A Frenchwoman and a Spaniard were killed and nine other mountaineers were injured on Friday in an ice fall in southwest Switzerland, police said following a rescue attempt involving several helicopters.

Two mountaineers killed and 9 injured in ice fall in Swiss mountains

Police received calls at 6.20 am reporting that mountaineers had been caught up in falling seracs — columns of glacial ice formed by crevasses — on the Grand Combin, a glacial massif near the Italian border in the Wallis region.

Seven helicopters with mountain rescue experts flew to the scene, finding 17 mountaineers split among several groups.

“Two people died at the scene of the accident,” Wallis police said in a statement. They were a 40-year-old Frenchwoman and a 65-year-old man from Spain.

Nine mountaineers were airlifted to hospitals in nearby Sion and in Lausanne. Two of them are seriously injured, police said.

Other mountaineers were evacuated by helicopter.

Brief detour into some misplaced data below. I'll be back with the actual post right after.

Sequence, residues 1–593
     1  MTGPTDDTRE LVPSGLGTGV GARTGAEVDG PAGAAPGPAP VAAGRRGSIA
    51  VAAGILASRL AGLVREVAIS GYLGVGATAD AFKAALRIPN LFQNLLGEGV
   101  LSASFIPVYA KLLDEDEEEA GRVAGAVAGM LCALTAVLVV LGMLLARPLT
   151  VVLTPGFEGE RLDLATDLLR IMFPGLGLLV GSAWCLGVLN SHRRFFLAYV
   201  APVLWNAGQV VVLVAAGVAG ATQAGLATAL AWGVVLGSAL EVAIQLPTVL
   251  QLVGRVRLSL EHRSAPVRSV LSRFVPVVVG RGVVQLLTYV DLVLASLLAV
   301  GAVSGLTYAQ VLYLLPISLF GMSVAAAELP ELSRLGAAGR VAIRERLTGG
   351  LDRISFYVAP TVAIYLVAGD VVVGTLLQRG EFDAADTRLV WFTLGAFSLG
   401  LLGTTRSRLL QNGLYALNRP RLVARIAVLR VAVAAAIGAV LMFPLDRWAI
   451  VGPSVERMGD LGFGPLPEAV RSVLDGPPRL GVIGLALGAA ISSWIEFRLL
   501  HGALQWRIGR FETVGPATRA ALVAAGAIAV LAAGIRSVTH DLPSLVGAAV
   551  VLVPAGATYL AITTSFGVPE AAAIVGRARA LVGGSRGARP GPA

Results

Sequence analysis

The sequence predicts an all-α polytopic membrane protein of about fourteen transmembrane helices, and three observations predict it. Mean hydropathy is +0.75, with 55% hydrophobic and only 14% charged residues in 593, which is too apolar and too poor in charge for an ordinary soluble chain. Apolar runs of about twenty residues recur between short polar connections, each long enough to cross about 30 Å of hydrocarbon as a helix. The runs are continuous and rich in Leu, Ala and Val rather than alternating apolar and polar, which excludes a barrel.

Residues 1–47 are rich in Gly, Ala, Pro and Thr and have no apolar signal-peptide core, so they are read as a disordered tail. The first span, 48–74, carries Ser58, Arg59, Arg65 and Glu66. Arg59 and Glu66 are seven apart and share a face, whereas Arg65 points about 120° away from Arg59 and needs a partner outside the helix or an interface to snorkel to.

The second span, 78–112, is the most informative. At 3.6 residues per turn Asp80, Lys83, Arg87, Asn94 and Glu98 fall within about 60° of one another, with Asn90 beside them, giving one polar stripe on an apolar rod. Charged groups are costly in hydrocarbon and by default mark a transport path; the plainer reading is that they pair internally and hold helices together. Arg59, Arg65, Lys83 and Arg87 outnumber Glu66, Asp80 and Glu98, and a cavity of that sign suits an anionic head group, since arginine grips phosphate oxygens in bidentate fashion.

The regional public prosecutor has opened an investigation “to determine the circumstances of this event”, the police said.

The serac fall happened at an altitude of 3,400 metres in the Plateau de Dejeuner section along the Voie du Gardien ascent route.

The Grand Combin massif has three summits above 4,000 metres, the highest of which is the Combin de Grafeneire at 4,314 metres.

The police issued a note of caution about setting off on such high-altitude expeditions.

“When the zero-degree-Celsius isotherm is around 4,000 metres above sea level, it is better to be extra careful or not attempt the route if in doubt,” Wallis police said.

“The golden rule is to find out beforehand from the mountain guides about the chosen route and its current feasibility.”